He was both the first African-American chairman of the Joint Chiefs and Secretary of State. He was a beloved military leader and trailblazer who served under Democrat and Republican presidents and whose legacy also includes a now-infamous speech that helped pave the way for the Iraq war. Monday morning, Colin Powell died of complications related to COVID-19, according to his family. He was 84.

Powell’s rise to military and diplomatic prominence began in New York City. Born Colin Luther Powell to Jamaican immigrants in Harlem on Apr. 5, 1937, Powell grew up and was educated in New York City. Upon graduation from the City College of New York in 1958, Powell commissioned a second lieutenant in the U.S. Army.

For the first 29 years of his 35-year military career, Powell established himself as a superb Army officer serving served two tours in Vietnam and stints in South Korea and West Germany.

In 1987 Powell’s career received a significant boost when then-President Ronald Reagan appointed him deputy National Security Adviser. His success as deputy led to Reagan naming Powell his National Security Adviser in 1988.

“I thought it was a stroke of genius to recommend him for the job, one of my best decisions,” former Vice President Dick Cheney told the University of Virginia. “When I think back now on my time there, it’s not possible to conceive of my tour without Colin Powell as an integral part of it.”

After being elected president in 1989, George H.W. Bush chose Powell to chair the Joint Chiefs, making him the first African-American to hold the position. During his tenure as chairman, Powell oversaw dozens of crises, including the invasion of Panama in 1989 and Operation Desert Storm in 1991.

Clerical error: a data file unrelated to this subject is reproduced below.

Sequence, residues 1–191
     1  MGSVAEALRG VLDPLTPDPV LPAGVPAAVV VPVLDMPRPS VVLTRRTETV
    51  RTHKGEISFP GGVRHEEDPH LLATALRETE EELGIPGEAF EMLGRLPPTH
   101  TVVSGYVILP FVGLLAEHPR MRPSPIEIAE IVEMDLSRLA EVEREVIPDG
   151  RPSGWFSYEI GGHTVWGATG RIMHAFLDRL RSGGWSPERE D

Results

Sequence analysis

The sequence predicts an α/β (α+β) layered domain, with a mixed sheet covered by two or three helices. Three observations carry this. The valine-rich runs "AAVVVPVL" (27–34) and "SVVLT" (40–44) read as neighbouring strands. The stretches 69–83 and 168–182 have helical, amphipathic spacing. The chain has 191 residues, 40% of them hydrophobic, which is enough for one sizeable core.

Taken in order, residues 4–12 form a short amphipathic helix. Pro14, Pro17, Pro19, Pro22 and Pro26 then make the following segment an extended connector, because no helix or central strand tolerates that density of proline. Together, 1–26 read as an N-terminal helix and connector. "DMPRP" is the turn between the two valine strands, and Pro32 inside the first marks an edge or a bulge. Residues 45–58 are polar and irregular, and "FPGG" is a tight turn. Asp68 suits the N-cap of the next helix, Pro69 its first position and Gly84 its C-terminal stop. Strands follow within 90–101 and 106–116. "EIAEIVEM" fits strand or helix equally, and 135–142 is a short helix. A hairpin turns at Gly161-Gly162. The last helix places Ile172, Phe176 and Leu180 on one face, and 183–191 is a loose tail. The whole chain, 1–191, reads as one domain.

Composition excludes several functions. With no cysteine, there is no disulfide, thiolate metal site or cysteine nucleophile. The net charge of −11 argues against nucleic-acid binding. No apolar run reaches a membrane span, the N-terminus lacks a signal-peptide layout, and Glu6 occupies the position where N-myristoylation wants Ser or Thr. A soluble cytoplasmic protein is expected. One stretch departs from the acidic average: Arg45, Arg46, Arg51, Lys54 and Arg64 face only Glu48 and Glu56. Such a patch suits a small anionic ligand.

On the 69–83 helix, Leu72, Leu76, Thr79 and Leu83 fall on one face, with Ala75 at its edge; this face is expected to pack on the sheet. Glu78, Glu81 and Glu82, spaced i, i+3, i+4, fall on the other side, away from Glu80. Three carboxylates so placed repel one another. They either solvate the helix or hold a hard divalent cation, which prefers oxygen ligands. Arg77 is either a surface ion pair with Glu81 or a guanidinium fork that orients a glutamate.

While then-Iraqi President Saddam Hussein claimed that Desert Storm would lead to the “mother of all battles,” it quickly turned into a rout of Iraq forces. According to former Defense Secretary Robert Gates, who during Desert Storm was President George H.W. Bush’s Deputy National Security Advisor, images of carnage from the battlefield had a profound impact on Powell, a combat veteran of Vietnam.

“And Colin, basically at one of our meetings, and I can’t remember the day, essentially said, ‘This is turning from a military conflict into a rout and from a rout into a massacre, and the American army does not do massacres,’” Gates said. “He said, ‘I think that we will have completed our objectives and be prepared to stop within 24 hours.’ Then the next day, he came in, and we started talking about a cessation of fighting.”

After President Bill Clinton was elected president in 1992, Powell remained chairman of the Joint Chiefs under the new Democrat-led administration, a position Powell held until he retired after 35 years on active duty in 1993.

Tony Lake, National Security Adviser under President Clinton, remembered Powell as a source of sober advice and experience as Lake assumed his duties in the White House.